The happiest years of our lives: 9 and 68
PUBLISHED: 19:22 23 October 2012
The happiest years of our lives, apparently, are very specific: they happen when we’re nine and once again when we’re 68: that’s a 59-year yawning gap of misery to look forward to between good times.
Around 2,000 people of all ages were asked how important fun was to them: 80pc of nine-year-olds said that fun was the most important driving force in their life, as did 64pc of 68-year-olds.
Somewhat depressingly, 72pc of those in their 20s and 40s said that having fun “doesn’t even register in importance” compared with priorities such as paying off debts and furthering careers.
Though it’s fashionable to remember our childhood as a lemon-sherbert flavoured rainbow of joyousness where we danced in sunbeams and played tiddlywinks in the street, the truth is that being a child was a relentless round of fear, loathing and desperately trying to fit in.
Simply clawing back the memories of being young is like surveying every worst-case scenario that topped the bill at the multiplex cinema inside your brain on school nights, a chilling reminder of what being young was actually about: trying to avoid being the one with fleas and terrible shoes that everyone picked on.
For a start, children are the harshest critics on the planet and nothing whatsoever gets past their cruel scrutiny – they’re like Exocet missiles with their sights firmly trained on any perceived deviation from the path of total and utter normality and conformity.
In adult life, you’re unlikely to give a monkey’s chuff what anyone thinks about your trainers, your bag or your hair colour.
When you’re at school, these aren’t mere trifling matters: they’re the very currency of social acceptability.
One shopping trip with a penny-pinching parent of the ‘it’s not a fashion show, you know’ variety can lead to a long, slow term of abject misery spent dodging verbal and possibly physical assaults from herds of burly halfwits wearing designer coats and shoes that don’t look as if they were designed for someone with fallen arches.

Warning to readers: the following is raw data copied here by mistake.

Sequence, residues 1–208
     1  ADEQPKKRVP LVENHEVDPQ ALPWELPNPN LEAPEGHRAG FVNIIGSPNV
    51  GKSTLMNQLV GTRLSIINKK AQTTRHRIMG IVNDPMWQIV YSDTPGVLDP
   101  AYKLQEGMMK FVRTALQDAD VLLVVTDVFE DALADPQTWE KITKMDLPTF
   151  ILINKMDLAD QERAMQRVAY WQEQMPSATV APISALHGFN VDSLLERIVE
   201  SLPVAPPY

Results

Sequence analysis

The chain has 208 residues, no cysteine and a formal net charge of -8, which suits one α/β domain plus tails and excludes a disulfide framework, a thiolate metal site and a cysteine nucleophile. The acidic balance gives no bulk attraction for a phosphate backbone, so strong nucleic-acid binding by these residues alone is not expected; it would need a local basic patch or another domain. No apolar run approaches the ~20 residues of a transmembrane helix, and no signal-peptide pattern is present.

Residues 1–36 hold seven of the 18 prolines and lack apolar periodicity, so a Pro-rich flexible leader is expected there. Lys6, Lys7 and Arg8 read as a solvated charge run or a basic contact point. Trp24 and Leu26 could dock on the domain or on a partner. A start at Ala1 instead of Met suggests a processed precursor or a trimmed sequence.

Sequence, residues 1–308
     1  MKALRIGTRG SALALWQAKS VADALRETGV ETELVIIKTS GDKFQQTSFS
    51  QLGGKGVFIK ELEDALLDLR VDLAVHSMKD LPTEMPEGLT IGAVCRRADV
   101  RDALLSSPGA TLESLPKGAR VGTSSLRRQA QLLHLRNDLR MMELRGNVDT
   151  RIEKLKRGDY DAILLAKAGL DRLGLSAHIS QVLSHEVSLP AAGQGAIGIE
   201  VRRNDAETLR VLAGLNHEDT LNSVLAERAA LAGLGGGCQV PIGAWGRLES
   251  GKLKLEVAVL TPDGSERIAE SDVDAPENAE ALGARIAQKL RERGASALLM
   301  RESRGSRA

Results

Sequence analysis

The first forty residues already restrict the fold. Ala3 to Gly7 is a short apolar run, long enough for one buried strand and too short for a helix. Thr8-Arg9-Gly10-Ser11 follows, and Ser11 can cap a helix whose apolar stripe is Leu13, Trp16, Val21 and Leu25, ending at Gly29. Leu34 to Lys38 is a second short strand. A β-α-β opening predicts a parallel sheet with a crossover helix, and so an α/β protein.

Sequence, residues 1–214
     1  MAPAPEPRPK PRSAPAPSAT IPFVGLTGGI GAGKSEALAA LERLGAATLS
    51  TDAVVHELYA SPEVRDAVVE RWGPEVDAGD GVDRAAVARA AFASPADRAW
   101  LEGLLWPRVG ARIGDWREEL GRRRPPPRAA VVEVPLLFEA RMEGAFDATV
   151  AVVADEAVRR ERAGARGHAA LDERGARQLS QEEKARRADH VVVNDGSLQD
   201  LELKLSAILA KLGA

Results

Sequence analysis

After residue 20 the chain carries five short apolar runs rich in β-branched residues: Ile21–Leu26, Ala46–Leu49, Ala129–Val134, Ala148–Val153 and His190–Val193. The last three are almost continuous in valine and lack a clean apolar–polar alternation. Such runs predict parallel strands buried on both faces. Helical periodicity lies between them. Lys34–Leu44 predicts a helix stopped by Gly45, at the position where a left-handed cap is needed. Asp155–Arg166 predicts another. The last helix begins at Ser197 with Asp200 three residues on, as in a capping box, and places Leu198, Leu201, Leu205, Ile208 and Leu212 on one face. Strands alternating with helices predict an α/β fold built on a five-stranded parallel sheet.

In addition to the ruling fringe of insane despots intent on emotionally scarring you for life (school bullies, teachers, career advisers) you also had to contend with the fact that at any one time, half your friends hated you or were talking about you behind your back.
And at the end of the day, where did you go? Back home where the iron fist of parental dogma ruled the day, preventing you from doing 99pc of the things you enjoyed most on the unreasonable basis that they cost too much money/were perilously dangerous/could result in an extended stay in a young offenders’ unit.
Lord it was wearing.
Having spent two-thirds of your youth desperately wishing you were considerably older, you then landed in a disgusting shared house with a group of people you wouldn’t spit on if they were on fire, arguing the toss about who used the last of the milk or left the gigantic floater in the toilet.
Then the terrible realisation hit you: that adult life is dreadful for a whole set of new reasons, all of which you have to pay for by direct debit from your account and not your parents’.
I instinctively mistrust anyone that says the best years of their lives were their school days on the basis that if this is true, they were probably the ones laughing at my coat and my shoes that looked as they’d been designed for someone with fallen arches.
Even though I look like Morticia Addams’ bleaker, less cuddly sister, I am definitely having more fun now than I was when I was nine. I couldn’t drive a car when I was nine, for a start. Or buy alcohol.
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